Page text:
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Bringing comfort to cancer

For its new center, Providence had the help of nurses who have been patients
by: L.E. BASKOW, Nurses Lindi Goins (left) and Lee Martin check in on patient Michael Heinrich, who’s noticed the difference between Providence’s old cancer facility and the new one that opened in February — with design help from Goins and Martin.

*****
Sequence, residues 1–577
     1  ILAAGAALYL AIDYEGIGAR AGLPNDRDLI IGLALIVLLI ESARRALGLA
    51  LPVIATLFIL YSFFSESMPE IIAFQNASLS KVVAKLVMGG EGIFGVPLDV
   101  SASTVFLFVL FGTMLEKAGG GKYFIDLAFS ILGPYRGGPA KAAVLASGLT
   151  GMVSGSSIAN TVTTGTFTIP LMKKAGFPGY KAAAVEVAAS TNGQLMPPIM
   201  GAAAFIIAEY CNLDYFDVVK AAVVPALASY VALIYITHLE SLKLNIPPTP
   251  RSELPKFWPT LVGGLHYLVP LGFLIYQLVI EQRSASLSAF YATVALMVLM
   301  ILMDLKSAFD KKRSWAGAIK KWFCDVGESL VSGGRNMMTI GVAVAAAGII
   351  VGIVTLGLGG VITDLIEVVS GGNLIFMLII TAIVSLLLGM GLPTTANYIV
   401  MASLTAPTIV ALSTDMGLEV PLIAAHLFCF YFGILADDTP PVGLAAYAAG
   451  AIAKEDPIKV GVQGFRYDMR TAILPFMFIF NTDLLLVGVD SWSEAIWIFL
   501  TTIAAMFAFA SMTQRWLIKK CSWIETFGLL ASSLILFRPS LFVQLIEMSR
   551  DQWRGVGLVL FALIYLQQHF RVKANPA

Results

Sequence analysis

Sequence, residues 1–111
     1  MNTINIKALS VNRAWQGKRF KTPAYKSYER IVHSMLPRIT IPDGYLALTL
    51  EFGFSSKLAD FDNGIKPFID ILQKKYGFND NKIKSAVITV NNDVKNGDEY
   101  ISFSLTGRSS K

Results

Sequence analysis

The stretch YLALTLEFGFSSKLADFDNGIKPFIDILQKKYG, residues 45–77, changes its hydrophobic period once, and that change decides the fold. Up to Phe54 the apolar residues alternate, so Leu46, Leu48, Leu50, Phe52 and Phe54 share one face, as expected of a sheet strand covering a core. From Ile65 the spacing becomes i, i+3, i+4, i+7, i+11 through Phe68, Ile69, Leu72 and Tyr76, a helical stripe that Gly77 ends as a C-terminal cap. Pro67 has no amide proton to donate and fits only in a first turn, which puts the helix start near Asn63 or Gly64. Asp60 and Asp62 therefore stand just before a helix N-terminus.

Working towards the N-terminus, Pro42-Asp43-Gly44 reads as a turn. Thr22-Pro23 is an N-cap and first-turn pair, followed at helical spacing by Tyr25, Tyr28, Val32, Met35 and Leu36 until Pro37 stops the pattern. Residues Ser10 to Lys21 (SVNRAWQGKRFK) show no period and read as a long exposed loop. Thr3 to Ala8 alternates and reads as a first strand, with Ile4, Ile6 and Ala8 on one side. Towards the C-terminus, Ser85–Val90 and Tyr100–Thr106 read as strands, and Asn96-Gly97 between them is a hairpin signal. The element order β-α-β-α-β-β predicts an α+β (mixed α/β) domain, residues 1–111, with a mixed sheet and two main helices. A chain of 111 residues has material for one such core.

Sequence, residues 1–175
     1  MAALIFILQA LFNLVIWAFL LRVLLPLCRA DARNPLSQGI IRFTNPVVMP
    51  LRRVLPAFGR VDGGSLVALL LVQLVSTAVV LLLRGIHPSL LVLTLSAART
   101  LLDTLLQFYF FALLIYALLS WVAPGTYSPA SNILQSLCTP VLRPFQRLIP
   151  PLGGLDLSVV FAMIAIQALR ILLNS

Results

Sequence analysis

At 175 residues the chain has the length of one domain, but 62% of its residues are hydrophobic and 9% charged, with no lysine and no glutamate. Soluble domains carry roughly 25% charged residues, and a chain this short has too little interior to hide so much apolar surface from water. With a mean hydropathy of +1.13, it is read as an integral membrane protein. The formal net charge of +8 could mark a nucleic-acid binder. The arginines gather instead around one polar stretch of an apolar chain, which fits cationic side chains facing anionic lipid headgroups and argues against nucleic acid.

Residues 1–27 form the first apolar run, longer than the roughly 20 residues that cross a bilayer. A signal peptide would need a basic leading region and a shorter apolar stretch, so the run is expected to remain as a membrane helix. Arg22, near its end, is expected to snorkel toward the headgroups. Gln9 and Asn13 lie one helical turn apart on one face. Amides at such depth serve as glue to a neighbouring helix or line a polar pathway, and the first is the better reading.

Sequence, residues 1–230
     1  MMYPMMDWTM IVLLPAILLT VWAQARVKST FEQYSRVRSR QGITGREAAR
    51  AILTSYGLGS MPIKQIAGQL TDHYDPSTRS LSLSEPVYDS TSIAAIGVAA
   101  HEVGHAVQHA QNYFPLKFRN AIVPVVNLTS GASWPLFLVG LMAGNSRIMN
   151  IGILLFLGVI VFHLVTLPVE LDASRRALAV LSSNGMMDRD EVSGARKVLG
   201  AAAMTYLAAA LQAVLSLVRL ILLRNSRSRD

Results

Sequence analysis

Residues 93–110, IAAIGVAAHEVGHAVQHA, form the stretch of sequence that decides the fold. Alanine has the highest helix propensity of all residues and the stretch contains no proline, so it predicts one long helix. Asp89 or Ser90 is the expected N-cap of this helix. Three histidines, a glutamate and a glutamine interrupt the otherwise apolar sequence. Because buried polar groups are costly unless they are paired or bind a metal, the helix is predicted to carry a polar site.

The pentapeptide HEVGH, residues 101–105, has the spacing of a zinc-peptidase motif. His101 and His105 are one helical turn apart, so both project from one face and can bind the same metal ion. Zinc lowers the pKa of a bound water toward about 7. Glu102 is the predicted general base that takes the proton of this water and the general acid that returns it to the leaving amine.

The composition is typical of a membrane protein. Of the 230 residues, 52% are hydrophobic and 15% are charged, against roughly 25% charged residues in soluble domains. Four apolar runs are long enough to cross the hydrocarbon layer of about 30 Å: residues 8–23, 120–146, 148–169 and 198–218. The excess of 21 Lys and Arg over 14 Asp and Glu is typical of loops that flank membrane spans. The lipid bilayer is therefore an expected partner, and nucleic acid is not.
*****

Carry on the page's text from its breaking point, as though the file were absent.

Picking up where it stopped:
From the beginning, Lee Martin and her staff of nurses were going to have a say in the creation of the new cancer center at the Portland Providence Medical Center. The state of the art facility, which opened in February, would distinguish itself in a number of ways: some of the top cancer specialists in the world, a growing patient population that would make the center the largest provider in the region and a $204 million budget, enough to provide unprecedented amenities. Precisely what those offerings would be was a question hospital administrators put to, among others, Martin and her 31 years of experience in nursing. Then her experience changed. In late 2002, not long after planning for the new center got under way, Martin’s friend and co-worker Lindi Goins, a veteran oncology nurse at Providence, got sick. The then 42-year-old mother of two was having stomach problems, something Goins attributed to stress. She was wrong. “In October of 2002, I was diagnosed, quite unexpectedly, with colorectal cancer,” Goins says. “I was in my early 40s, no history at all. It was really a shock to everyone.” Seven days later, Goins had surgery, but well before her six-month course of radiation and chemotherapy had ended, she decided to do what she does best. She went back to work. “If I wasn’t really sick and I wasn’t a patient, I would be a nurse,” she remembers telling herself. “I’m an oncology nurse, by God, I’ve seen people a lot sicker than I am.” Difficult as it was, returning to the job was tonic for Goins, and in time, she recovered and began working and living cancer-free. Then Martin’s experience broadened again: In July 2004, she was diagnosed with cancer. It’s a long way from 5K The Providence Cancer Center is a jewel, designed to be the most technologically advanced cancer facility on the West Coast. Led by Walter Urba, a decorated researcher and expert on immunology, its staff of renowned doctors and researchers recently added Craig Nichols, who helped keep testicular cancer from interrupting the career of seven-time Tour de France winner Lance Armstrong. The panoply of advanced technologies available at the center includes the Northwest’s first Gamma Knife Perfexion, a cutting-edge radiosurgery tool that can target cancerous tissues with pinpoint accuracy. But the center also was conceived with a holistic approach to patient care that incorporates a learning center, alternative medicine, improved access to caregivers, and amenities for the families and other visitors who provide a crucial support system for patients. Walls painted in soft hues and accented with pale woods are hung with paintings by local artists. Reception areas are lit by fixtures that wouldn’t be out of place in upscale downtown restaurants. Hallways end with picture windows that frame tall firs and broad views. “The opportunity to create an experience for patients was important,” says Dave Underriner, Providence’s chief executive for the Portland area. “This is really a collective design from a spectrum of folks and perspectives. All the way from what kind of colors are you going to use to being a green building. I remember nurses spending time going through mock-ups of rooms. That’s where Lee and Lindi came in.” Martin and Goins, who began their long tenures at Providence within months of each other, were providing plenty of input before each was diagnosed with cancer. “I was already sitting on a lot of the committees,” Martin says. “We sat down with patients, with nurses, with staff. We developed our guiding principles. Nurses needed to be closer to patients. For every seven rooms, you have a nutrition room. You have your medicine. You have your supplies. You’re not running around looking for what you need. “We went around the country. We brought back bits and pieces from best practices. We want patients and families to be comfortable. Patients don’t need reminders that they’re sick. These rooms are beautiful. They look like a bedroom.” Michael Heinrich rests in a seventh-floor room following a round of chemotherapy as aggressive as the melanoma he’s battling. He began the treatment at the old cancer center, which staffers refer to as 5K. “It was so white in there I woke up one time and thought I was in the morgue,” Heinrich says. “Here I feel like I’m at home.” The 42-year-old says the rooms, with their spacious bathrooms and pullout beds for visitors, have been a comfort for family members, including his two preteen children and his mother. “The beds are more comfortable, the bathrooms are a lot better. My mom likes it.” The ambience in the hallway outside is worlds away from the old image of a hospital: sterile white walls and tiled floors, information blaring over loudspeakers, staffers racing up and down hallways. Gone is the bustling central nursing station, replaced by small work stations connected to individual rooms. In place of cold, hard surfaces are carpeting and walls bathed with soft light from designer sconces. Experience acts as guide There also are features at the center that came directly from the experience Martin and Goins shared as cancer patients. “Here were these two nurse leaders who firsthand could give us the emotional experience about what they believed,” says Lisa Vance, chief executive at Providence Portland. “It gave more credibility and more conscience to what we were trying to do. They were really influential in telling their story.” “We knew family space was important,” Martin says. “After I got sick, we really understood. We needed a zone for families away from direct care.” What resulted was the Family Room, essentially a comfortable one-bedroom apartment with a kitchen, shower, living room and laundry room. “We were not going to open this without a washer and dryer,” Martin says. One corner of the living room is brightened by a small pink chest that doubles as a bench. On it are painted seashells and leaves in a childlike hand. The item was donated by the family of a young mother who died of cancer. The other amenity that emerged was the seventh-floor Meditation Room, a small space at the west end of the building with a wall of glass windows offering breathtaking views toward downtown. “You have a family member standing outside a room, crying; it happens routinely,” Martin says. “You bring them in here, it gives them a little time to come to grips with their thoughts.” The same goes for nurses. “The work we do is really hard,” she says. “There are break rooms, but where is that space where they can have a few minutes to pull themselves together?” One floor below is a suite of rooms and cubicles where outpatients receive chemotherapy treatments. Sunlight streams through large windows and each of several curtained compartments is outfitted with a reclining chair and a television monitor. No such luxury was available to Martin in 5K. “I am not exaggerating: The chairs were lined up in a room. I didn’t mind being open about my cancer, but there was no privacy in there at all,” she says. “When we designed this one, we pushed to the limit.” At one end of the unit is a door that opens onto a terrace garden. Here, patients can receive treatment in the open air, surrounded by lush beds of vegetation dotted with smooth stones bearing inscriptions that read “love,” “faith,” “courage” and “God rocks.” Staying on the job helped Goins, who lives in Gresham, says her time as a nurse did not prepare her for the firsthand experience of cancer. To understand the effects of a chemotherapy treatment, she says, one must first imagine a severe flu with fever, aches and weakness, perhaps accompanied by nausea and diarrhea. “Take that and magnify it by a hundred,” she says. Still, going back to work — she says the whirring of the portable pump that sent cancer-killing chemicals into her body was sometimes audible to co-workers and patients — was both an inspiration to others and the medicine she needed. “She got a lot of strength out of being at work with her peers,” Martin says. “Not only could you forget, you could get strong again.” Debbie Scoles, a registered nurse who works with both women, says being a patient made Goins a better caregiver. “She was always a good advocate for patients. It made her even better. You watched her become this resource,” she says. When Martin was diagnosed with colorectal cancer, she followed her friend’s example. “I just refused to give in,” she says. “I worked through my whole treatment, but there were times when I went from my office to the hospital. I reached a point where I could hardly move.” One morning, Martin heard the doorbell at her Tigard home. “I went to answer the door,” she says. “It was somebody standing there who was assigned to drive me to work: Lindi. She was the emotional support because she’d been there. ” New space ‘feels hopeful’ Goins dislikes the term “cancer survivor,” which denotes a closure the fearsome disease doesn’t recognize. Cancer, she says, “is never behind you.” But she and Martin now are uniquely qualified as care providers. “Even when we were sick, we were still thinking a lot of times from the nurses’ perspective,” Martin says. “I can talk to patients about hope in a different way. We both had a 67 percent chance of survival; we’re still here. I said one day to Lindi, ‘Everything happens for a reason.’ ” Goins says she’s never questioned why fate brought cancer to her door. “People say, ‘Why me?’ I say, ‘Why not me?’ ” she says. “Our patients are at their most vulnerable, and they allow us into their lives. Because of that, I come back every single day.” “It’s such a traumatic thing when you’re diagnosed with cancer,” Martin says. “You lose all control. You have no idea what’s going to happen to you, if you’ll survive. The new center, she says, “feels hopeful.” Vance, the chief executive, recalls a conversation she had with a woman who attended the party Providence threw to celebrate the opening of the center in February. The woman had survived cancer in her early 20s only to have a recurrence in her mid-30s. She did not think she could mount a second grueling fight against the disease. Then she inspected the new facility. “She came up to me and said, ‘After touring your building and realizing that you listened to families and patients and staff, I’ve decided I will be treated.’ ” “We realize we have created a model,” Vance says. “It’s not just the high tech. It’s the high touch. This email address is being protected from spambots. You need JavaScript enabled to view it.